LONDON: The UK's national newspapers should adopt Google's online advertising model rather than focus on free giveaways if they are to boost revenues, warns professional services giant Ernst & Young.
A recent report praises the number one search titan's pay-per-click advertising system which, E&Y argues, is preferable to the cost-per-thousand approach adopted by nearly all the UK's national newspaper websites.
The report posits that had the newspapers used a Google-type approach (and generated the same income per unique user), their online ad revenues could have reached between £120 million ($238m; €154m) and £250m each in 2007.
Under the current model, however, the report estimates that they generated an average of between £15m and £20m in ad revenues, while Google earned £1.3 billion in the UK alone.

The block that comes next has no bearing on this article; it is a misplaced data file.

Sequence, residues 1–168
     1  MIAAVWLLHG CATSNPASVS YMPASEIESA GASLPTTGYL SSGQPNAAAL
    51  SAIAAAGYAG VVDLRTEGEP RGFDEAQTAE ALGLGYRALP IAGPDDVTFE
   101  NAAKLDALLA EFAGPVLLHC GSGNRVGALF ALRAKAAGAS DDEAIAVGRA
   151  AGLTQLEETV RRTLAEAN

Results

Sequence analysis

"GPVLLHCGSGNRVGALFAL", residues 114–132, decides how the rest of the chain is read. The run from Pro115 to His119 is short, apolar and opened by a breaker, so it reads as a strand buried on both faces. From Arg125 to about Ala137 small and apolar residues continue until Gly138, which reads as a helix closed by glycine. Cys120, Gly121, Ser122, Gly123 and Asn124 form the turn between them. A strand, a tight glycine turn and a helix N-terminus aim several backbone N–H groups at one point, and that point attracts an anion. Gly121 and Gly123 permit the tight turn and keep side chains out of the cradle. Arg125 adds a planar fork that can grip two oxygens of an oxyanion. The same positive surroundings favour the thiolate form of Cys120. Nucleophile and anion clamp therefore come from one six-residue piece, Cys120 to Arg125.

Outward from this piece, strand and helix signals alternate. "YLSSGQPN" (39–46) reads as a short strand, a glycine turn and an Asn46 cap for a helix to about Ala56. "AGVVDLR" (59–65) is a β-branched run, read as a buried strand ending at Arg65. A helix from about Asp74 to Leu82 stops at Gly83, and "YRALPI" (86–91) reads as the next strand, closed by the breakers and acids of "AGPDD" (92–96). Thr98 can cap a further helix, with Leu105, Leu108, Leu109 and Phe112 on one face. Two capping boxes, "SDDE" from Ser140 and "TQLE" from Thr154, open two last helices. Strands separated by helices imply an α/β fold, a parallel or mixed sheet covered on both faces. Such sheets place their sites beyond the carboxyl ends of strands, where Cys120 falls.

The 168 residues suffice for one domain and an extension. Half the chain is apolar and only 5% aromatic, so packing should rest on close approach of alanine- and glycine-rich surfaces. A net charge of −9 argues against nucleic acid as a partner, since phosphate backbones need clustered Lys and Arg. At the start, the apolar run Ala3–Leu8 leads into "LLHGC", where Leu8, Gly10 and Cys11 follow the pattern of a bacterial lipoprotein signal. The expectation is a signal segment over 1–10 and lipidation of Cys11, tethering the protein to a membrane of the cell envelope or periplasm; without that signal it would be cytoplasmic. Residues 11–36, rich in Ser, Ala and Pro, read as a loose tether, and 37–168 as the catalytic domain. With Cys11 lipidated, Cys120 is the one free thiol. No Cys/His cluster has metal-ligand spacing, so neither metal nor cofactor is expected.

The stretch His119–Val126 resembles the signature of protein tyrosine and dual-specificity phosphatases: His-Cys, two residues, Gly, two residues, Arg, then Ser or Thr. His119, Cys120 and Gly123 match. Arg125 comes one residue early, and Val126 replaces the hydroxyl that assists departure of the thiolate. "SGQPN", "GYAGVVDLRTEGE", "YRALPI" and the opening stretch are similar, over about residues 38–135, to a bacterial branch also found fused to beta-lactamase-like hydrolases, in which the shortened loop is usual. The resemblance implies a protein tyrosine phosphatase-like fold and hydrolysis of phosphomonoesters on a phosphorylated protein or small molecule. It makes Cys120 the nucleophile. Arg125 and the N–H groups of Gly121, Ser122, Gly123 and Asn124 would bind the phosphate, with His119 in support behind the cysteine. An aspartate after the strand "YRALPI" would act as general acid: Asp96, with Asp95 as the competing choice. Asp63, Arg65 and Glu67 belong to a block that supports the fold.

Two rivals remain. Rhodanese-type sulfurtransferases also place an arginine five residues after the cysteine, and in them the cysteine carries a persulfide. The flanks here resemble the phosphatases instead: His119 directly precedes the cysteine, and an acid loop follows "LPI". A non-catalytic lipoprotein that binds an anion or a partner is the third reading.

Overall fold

The report further suggests that free giveaways, such as CDS and DVDs, have failed to attract younger readers on a regular basis, with around half of those in the 15–44 age group going online when seeking news and information.
Says E&Y media analyst Luca Mastrodonato: "This gap is an opportunity for newspapers as it shows that monetising online services in the UK is possible.
"But to do so, newspapers need to move away from the volume-based cost-per-million model towards more interactive ad models such as cost-per-click or cost-per-lead."
Data sourced from BrandRepublic (UK); additional content by WARC staff